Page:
We’re Still Unsure If Instagram Grants Users a Sublicense to Embed Photos
I blogged earlier this summer about McGucken v. Newsweek, a case that involved a media defendant who was sued by a photographer because it embedded (and displayed) photos in an online article.
Newsweek asked the court to reconsider its ruling that the Instagram terms do not contain an express sublicense. It pointed the court to Instagram’s “Embedding Policy,” which included the following language:
Embedding Instagram posts is an easy way to add Instagram photos and videos to the stories you want to tell on articles or websites. You can embed your own content as well as photos and videos from public profiles. [emphasis added]
The court declines to reconsider its earlier ruling. Apart from Newsweek’s failure to satisfy the high threshold necessary for reconsideration, the court is not persuaded that the language above is a license. Rather, the court says: “[the language] is an explanation of what embedding technically allows users to do.”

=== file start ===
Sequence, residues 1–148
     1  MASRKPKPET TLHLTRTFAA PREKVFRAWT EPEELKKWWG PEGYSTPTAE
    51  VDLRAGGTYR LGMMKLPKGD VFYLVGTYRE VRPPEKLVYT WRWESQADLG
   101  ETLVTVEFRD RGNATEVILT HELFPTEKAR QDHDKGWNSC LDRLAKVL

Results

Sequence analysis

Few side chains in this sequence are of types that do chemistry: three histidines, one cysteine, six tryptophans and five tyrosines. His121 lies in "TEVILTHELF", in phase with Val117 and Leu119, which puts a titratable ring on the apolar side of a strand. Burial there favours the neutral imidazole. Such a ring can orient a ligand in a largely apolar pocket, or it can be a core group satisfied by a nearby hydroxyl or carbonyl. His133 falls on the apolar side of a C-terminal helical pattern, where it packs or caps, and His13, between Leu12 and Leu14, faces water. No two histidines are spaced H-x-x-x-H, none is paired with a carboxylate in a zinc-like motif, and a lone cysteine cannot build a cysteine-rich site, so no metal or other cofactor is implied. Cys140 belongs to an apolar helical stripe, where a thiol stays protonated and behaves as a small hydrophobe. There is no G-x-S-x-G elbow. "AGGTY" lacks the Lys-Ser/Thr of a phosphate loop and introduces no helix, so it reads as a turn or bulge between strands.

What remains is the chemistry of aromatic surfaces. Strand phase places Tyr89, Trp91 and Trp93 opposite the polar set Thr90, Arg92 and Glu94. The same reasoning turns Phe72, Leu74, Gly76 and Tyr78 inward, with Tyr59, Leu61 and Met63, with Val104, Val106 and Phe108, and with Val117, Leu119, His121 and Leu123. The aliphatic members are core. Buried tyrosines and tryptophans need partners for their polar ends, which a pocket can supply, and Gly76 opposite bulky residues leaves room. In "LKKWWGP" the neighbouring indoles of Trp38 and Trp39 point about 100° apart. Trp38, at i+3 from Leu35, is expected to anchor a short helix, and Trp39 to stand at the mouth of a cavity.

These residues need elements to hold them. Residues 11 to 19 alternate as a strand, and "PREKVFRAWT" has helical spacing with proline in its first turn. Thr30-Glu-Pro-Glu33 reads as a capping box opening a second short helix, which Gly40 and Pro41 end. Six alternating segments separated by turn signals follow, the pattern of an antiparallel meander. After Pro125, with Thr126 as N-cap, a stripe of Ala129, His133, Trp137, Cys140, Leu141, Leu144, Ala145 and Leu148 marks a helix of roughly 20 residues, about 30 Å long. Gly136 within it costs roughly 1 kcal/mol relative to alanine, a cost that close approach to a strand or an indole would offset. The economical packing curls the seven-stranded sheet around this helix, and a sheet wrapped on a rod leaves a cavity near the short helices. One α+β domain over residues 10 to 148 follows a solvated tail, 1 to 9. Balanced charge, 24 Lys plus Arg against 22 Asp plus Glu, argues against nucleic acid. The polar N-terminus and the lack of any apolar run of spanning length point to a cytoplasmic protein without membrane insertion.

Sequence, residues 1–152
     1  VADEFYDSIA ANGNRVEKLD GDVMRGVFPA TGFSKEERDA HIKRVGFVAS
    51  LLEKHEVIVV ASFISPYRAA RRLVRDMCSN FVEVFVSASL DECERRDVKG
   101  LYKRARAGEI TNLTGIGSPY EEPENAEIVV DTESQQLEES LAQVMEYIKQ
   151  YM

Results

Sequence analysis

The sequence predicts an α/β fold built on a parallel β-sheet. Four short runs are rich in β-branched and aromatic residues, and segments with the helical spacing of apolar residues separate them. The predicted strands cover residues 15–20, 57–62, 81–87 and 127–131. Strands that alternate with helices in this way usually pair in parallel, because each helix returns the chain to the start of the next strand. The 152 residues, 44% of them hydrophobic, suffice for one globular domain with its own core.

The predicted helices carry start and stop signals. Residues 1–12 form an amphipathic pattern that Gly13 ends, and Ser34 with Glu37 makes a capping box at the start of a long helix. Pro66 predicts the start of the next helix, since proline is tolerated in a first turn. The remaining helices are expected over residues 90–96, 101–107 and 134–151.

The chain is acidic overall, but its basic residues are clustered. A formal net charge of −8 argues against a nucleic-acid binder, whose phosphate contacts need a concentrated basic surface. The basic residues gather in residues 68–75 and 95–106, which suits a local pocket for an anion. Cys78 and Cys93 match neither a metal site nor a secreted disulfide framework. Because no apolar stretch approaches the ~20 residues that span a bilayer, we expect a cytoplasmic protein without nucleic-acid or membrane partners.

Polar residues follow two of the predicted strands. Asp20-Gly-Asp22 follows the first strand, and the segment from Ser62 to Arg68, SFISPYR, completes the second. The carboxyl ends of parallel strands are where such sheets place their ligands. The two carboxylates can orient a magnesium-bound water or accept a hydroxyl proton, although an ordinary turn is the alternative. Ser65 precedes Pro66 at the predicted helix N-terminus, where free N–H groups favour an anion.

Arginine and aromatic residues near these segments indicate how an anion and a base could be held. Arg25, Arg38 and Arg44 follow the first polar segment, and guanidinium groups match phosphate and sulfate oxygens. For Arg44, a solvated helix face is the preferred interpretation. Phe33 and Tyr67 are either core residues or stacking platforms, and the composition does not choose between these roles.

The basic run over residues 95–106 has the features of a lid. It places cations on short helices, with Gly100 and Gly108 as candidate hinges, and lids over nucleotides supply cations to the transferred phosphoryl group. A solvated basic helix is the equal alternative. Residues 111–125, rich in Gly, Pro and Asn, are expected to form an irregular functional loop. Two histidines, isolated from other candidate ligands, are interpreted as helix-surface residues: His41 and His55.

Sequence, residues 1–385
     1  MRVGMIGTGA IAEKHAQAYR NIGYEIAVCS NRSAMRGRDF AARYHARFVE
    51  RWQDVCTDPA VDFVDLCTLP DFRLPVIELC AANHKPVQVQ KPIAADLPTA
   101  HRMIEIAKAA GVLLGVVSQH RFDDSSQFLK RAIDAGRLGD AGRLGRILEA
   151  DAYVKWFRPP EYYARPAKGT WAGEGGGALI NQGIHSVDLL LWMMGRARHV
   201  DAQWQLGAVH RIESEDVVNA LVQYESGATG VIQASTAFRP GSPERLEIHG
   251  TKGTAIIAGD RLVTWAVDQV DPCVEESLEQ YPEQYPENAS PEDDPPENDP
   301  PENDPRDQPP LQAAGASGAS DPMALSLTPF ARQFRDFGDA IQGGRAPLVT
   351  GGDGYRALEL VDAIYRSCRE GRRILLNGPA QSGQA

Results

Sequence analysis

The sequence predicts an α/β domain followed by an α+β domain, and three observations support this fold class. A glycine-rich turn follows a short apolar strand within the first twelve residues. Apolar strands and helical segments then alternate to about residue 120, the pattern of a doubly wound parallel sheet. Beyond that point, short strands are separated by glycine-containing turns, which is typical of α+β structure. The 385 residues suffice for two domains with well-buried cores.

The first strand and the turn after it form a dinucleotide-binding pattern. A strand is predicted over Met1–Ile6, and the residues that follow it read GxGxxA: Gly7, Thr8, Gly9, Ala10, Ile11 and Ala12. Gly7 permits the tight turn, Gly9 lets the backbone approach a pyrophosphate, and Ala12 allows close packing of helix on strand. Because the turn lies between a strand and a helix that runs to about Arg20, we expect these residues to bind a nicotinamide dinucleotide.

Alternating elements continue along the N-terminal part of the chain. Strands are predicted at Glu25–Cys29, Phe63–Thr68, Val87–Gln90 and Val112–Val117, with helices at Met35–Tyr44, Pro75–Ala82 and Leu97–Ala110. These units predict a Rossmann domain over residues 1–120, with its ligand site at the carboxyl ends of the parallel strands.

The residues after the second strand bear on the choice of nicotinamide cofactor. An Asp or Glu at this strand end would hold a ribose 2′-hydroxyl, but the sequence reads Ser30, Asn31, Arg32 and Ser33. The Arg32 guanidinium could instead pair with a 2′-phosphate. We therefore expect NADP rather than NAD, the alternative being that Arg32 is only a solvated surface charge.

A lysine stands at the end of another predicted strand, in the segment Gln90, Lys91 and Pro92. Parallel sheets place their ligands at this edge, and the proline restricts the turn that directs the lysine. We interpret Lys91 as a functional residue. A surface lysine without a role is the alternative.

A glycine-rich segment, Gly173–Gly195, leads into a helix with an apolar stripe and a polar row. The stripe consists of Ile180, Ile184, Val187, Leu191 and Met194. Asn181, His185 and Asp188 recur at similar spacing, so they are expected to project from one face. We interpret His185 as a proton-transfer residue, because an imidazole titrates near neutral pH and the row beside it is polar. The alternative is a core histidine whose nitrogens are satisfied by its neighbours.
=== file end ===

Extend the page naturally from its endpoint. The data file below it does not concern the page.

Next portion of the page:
Recall that in the prior post on this case, I noted that Instagram said on the record that it does not grant a sublicense to users.
All hope is not lost for Newsweek. A non-exclusive license does not have to be in writing. Newsweek is not limited to arguing that language in a written Instagram policy reflects an intent to grant a sublicense. Moreover, perhaps it can persuade the court to revisit the above-quoted language after the benefit of discovery. (While the policy uses the word “can” instead of “may,” it seems odd to provide detailed instructions on how to do something in the absence of permission to do the thing.)
It will be interesting to see what discovery will look like in this case, and there are some fun evidentiary issues lurking in the background. Will the parties ask Instagram executives what Instagram intended? Will they argue that a reasonable user in Newsweek’s position would have understand there was a grant of a sub-license? Will Instagram’s later public statement be legally relevant? The parties will certainly be coming through the public record looking for other pronouncements by Instagram on the embedding feature.
McGucken v. Newsweek LLC et al., 2020 WL 6135733 (S.D.N.Y. Oct. 19, 2020)
Is It OK to Embed Instagram Photos? ¯\_(ツ)_/¯
Instagram’s TOS Authorizes Third-Party Embedding of Photos–Sinclair v. Mashable
In-Line Linking May Be Copyright Infringement–Goldman v. Breitbart News
Court Definitively Rejects AFP’s Argument That Posting a Photo to Twitter Grants AFP a License to Freely Use It — AFP v. Morel
Court Rejects Agence France-Presse’s Attempt to Claim License to Haiti Earthquake Photos Through Twitter/Twitpic Terms of Service — AFP v. Morel
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